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Research Briefs

Ay, H., Benner, T., Arsava, E.M., and others (2007). "A computerized algorithm for etiologic classifications of ischemic stroke. The causative classification of stroke system." (AHRQ grant HS11392). Stroke 38, pp. 2979-2984.

Etiologic classification of ischemic stroke is important in both patient care and stroke research. Since stroke is a heterogeneous disorder with multiple potential causes, the reliable classification of a stroke's cause is a complex task. In order to facilitate classification in multicenter settings, the researchers developed a computerized Causative Classification System (CCS), derived from their evidence-based classification algorithm (SSS-TOAST). The CCS uses clinical, epidemiological, and diagnostic data to determine stroke type in five major categories (large artery atherosclerosis, cardio-aortic embolism, small artery occlusion, other causes, and undetermined causes).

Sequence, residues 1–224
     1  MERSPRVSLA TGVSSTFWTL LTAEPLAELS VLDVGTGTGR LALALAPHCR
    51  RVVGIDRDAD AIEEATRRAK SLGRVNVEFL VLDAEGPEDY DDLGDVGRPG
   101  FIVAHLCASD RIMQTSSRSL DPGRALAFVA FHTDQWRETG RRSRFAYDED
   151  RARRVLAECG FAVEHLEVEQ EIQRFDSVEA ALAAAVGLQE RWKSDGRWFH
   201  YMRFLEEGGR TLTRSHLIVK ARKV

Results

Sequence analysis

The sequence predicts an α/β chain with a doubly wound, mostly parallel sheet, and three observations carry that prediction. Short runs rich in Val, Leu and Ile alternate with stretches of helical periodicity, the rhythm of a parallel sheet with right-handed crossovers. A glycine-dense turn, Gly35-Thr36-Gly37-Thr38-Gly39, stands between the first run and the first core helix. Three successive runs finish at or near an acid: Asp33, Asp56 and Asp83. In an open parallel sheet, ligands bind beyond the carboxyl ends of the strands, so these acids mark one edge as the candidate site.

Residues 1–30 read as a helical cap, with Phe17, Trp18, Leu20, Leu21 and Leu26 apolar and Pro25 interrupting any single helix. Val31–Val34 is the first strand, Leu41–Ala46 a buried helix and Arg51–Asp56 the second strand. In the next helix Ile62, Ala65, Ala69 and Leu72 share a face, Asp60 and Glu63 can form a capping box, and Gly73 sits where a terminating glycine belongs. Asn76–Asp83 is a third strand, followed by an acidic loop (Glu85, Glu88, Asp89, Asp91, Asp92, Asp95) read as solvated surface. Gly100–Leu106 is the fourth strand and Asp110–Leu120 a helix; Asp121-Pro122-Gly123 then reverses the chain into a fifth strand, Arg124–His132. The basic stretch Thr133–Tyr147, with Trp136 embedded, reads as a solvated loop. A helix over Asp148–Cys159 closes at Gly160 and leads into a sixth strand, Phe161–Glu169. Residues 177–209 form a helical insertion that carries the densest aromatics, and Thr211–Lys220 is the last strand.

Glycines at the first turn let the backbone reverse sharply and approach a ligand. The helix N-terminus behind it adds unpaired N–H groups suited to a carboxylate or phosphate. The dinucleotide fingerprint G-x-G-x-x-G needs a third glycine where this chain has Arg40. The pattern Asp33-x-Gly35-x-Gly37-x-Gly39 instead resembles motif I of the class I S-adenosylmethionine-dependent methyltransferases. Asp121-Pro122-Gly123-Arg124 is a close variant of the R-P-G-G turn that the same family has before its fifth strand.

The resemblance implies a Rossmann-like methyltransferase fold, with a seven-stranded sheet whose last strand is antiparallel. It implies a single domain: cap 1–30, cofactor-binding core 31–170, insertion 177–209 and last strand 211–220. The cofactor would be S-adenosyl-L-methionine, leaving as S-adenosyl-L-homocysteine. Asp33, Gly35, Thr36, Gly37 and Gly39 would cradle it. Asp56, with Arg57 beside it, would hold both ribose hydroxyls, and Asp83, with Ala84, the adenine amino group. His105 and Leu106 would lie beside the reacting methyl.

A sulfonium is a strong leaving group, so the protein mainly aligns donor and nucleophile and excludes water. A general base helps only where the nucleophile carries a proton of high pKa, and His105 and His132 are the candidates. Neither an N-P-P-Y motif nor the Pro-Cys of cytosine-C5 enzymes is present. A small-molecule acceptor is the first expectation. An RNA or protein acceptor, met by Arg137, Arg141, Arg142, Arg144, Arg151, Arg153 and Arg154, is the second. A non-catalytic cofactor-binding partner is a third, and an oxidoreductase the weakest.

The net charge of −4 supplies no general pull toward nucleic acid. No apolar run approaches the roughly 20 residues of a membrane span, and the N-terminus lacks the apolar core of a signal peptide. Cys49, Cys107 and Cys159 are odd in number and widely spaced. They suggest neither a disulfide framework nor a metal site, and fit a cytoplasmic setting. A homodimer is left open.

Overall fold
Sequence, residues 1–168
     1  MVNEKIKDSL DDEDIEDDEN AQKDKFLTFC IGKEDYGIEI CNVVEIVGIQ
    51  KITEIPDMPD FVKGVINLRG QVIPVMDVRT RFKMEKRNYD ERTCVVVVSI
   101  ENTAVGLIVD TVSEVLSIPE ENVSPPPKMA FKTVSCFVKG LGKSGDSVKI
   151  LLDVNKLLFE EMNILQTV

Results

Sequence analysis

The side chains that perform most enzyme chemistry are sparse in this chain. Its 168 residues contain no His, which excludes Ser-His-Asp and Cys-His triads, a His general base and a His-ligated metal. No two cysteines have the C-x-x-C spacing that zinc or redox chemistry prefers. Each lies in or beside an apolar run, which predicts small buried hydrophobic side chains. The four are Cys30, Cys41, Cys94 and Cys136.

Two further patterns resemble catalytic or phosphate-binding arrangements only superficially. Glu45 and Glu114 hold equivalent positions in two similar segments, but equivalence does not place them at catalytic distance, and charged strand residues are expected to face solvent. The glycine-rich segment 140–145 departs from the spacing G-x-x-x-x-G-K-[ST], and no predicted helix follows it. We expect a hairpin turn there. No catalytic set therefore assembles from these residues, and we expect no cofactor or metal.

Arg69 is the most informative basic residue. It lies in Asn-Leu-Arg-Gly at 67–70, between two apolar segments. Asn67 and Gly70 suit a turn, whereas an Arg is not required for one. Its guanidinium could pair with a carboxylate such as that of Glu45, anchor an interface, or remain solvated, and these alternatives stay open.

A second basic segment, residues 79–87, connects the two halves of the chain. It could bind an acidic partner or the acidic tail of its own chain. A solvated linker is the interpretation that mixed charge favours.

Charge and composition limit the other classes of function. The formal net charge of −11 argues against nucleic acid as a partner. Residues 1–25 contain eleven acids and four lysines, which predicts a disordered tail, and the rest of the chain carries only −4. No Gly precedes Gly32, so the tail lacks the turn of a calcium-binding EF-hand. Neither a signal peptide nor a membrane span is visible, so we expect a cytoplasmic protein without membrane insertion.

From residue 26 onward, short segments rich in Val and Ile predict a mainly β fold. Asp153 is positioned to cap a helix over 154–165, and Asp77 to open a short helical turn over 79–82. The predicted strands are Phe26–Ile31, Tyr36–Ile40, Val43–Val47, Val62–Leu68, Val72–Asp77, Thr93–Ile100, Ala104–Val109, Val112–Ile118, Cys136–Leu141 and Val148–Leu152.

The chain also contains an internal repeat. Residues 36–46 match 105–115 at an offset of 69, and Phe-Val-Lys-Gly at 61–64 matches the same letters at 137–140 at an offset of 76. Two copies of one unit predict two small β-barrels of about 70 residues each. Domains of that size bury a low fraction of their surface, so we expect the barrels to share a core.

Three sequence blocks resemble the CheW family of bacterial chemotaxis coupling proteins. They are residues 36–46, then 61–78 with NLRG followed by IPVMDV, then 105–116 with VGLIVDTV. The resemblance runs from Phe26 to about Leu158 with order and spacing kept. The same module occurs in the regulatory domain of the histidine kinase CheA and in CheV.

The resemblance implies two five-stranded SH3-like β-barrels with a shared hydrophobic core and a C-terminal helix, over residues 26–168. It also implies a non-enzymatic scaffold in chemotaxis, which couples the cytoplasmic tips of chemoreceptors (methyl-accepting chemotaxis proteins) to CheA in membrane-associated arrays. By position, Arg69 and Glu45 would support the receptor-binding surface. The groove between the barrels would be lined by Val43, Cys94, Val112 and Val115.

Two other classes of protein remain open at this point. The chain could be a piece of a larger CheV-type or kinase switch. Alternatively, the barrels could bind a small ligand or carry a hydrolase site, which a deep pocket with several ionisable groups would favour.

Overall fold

Five neurologists evaluated its reliability through assessment of 50 ischemic stroke patients. The neurologists' expert opinions on stroke subtype were different from the CCS assignment in only 6 of 250 ratings (2.4 percent). The high interexaminer and expert-CCS agreement rates strongly suggest a potential use for automated CCS for classifying the cause of stroke in multicenter settings.

Bao, Y., Fox, S.A., and Escarce, J.J. (2007, June). "Socioeconomic and racial/ethnic differences in the discussion of cancer screening: 'Between-' versus 'within-' physician differences." (AHRQ grant HS10770). HSR: Health Services Research 42(3), pp. 950-970.